It is about having a certain genuinity that is given off by you or your group’s music and the avoidance of ingenuity.
Taking The Jump
I remember seeing a video of Steve Harvey giving a speech after an episode had ended. I generally would not take life advice from the guy who picked the wrong Ms. Universe, but what he said hit the nail on the head.
His message was to take the “jump” towards your life goals. At some point in your life, you are going to have to make a decision on whether to jump or continue to live the same life.
After one has done all they can possibly do to raise their confidence and make connections, he or she has to make the same decision; either jump on stage or into a studio and finally put yourself out there for everyone to see or guarantee your music will never see the light of day.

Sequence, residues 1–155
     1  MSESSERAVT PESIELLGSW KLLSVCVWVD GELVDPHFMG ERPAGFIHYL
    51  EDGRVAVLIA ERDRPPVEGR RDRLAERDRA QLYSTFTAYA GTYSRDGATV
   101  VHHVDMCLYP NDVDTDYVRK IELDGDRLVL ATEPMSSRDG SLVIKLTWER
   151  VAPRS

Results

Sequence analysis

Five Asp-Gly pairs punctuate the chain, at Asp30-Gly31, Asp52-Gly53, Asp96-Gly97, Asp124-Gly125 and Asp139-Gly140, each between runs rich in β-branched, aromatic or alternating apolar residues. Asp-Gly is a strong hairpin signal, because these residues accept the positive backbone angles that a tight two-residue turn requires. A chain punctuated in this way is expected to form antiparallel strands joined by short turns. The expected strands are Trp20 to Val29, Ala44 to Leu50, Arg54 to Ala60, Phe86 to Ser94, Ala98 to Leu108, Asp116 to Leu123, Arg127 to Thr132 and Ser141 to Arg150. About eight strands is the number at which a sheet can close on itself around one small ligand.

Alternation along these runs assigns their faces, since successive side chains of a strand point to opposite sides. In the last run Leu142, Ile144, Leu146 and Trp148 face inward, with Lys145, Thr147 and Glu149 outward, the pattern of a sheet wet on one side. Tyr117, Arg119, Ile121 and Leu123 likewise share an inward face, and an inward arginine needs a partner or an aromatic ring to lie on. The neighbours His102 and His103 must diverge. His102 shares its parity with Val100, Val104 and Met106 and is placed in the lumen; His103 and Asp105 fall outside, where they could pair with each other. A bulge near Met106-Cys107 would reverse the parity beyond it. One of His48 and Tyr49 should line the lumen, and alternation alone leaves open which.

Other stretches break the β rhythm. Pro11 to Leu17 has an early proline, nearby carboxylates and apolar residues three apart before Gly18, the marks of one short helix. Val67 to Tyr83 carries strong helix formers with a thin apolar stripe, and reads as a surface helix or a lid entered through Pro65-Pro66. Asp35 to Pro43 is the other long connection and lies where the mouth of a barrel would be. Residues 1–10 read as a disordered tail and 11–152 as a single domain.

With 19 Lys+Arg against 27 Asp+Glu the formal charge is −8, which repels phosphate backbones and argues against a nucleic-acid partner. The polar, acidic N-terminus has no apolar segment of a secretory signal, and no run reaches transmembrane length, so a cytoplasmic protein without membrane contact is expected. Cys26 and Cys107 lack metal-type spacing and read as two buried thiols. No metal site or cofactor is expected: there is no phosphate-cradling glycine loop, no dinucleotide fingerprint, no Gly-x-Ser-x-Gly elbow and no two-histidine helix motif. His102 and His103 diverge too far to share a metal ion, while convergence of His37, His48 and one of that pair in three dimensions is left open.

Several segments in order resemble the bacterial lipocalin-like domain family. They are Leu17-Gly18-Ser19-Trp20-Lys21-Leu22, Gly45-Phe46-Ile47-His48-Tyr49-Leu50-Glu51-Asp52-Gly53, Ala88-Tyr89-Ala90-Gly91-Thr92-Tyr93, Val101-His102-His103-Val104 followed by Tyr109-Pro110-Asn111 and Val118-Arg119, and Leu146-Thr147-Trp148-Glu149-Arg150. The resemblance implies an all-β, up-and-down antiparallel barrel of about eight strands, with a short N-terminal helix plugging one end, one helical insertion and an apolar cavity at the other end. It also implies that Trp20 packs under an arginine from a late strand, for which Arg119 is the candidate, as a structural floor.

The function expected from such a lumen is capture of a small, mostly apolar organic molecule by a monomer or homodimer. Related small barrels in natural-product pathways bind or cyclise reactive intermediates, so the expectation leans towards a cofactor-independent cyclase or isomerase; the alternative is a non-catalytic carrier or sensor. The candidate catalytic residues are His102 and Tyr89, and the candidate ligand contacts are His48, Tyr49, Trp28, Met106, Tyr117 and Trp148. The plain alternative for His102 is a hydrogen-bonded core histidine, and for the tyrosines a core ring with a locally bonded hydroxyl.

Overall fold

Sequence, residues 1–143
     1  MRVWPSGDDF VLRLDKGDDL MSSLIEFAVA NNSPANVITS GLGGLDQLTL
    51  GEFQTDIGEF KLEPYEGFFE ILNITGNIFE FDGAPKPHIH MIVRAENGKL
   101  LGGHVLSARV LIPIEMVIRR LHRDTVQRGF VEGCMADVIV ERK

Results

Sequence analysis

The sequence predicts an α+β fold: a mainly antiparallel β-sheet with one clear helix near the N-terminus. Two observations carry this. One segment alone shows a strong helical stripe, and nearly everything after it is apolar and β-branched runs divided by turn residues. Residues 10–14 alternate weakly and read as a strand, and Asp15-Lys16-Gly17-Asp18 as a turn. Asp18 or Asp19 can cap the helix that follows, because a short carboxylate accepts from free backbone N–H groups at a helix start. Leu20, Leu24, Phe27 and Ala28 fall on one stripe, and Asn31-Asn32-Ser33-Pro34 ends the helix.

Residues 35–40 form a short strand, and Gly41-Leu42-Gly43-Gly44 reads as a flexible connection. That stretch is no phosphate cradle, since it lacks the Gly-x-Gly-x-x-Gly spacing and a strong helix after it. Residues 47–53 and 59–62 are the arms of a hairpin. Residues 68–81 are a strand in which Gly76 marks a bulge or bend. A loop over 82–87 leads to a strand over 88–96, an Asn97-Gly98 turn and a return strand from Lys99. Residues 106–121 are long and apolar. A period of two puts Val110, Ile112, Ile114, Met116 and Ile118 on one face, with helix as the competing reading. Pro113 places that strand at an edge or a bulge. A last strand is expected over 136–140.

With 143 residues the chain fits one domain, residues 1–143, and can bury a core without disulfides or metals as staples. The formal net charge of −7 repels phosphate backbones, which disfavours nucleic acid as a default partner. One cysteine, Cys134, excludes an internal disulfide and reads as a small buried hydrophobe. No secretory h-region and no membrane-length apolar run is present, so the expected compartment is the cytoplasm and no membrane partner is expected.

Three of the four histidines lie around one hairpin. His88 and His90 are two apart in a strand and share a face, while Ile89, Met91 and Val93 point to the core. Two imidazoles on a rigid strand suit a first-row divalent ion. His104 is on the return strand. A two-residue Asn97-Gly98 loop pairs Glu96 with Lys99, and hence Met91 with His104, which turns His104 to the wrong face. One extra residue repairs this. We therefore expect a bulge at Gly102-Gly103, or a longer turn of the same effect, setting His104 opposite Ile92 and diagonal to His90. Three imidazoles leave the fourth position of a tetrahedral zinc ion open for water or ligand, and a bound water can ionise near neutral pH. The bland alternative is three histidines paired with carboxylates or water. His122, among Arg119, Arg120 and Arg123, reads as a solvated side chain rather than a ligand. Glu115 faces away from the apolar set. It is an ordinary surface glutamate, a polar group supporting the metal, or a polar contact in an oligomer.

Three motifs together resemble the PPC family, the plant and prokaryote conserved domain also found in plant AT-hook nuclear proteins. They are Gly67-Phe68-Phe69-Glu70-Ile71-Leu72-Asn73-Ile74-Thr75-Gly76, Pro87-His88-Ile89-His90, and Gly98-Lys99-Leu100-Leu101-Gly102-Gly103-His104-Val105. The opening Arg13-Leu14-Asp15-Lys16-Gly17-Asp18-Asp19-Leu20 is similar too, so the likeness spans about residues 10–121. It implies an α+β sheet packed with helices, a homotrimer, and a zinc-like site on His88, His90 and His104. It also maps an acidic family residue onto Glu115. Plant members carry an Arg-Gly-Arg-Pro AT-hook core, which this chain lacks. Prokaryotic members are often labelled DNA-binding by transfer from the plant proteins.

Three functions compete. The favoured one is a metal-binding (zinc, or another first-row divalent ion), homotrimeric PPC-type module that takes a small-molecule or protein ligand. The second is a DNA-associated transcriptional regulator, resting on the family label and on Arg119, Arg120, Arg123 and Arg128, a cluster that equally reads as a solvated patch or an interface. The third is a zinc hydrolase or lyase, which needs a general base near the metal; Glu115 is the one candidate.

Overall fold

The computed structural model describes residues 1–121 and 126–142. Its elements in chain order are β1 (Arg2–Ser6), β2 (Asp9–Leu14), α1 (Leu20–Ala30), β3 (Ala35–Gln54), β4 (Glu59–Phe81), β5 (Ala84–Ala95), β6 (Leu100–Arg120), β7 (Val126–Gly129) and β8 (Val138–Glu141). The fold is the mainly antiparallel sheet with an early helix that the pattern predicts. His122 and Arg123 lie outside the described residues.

It is a very difficult situation, and it can require a lot of strength and preparation to go through with it. When one actually takes the figurative jump though, it is based on how they make their decisions.
Sometimes certain individuals simply need to take the jump in order to gain confidence in themselves. Essentially baptism by fire, but in a productive way.
Grind for your work
The Grind is the day-to-day effort an artist puts in for his or her work. Whether it be making sure to promote their product or shows as effectively as they can, consistently trying to create new ideas for songs, or trying to seek out opportunities as much as possible.
The key word is consistency.
Obviously, you should not oversaturate whatever fanbase you have with berating statuses, but you should find a pleasant middle ground with social media and promotion in general.
You need to be assertive and well knowledged, but at the same time, considerate for the people who you are trying to appeal to. In the end, they decide whether or not you survive.
Once you are finally out playing shows, maintaining a constant head of steam is by far one of the hardest things any band -- signed or unsigned -- can manage to accomplish.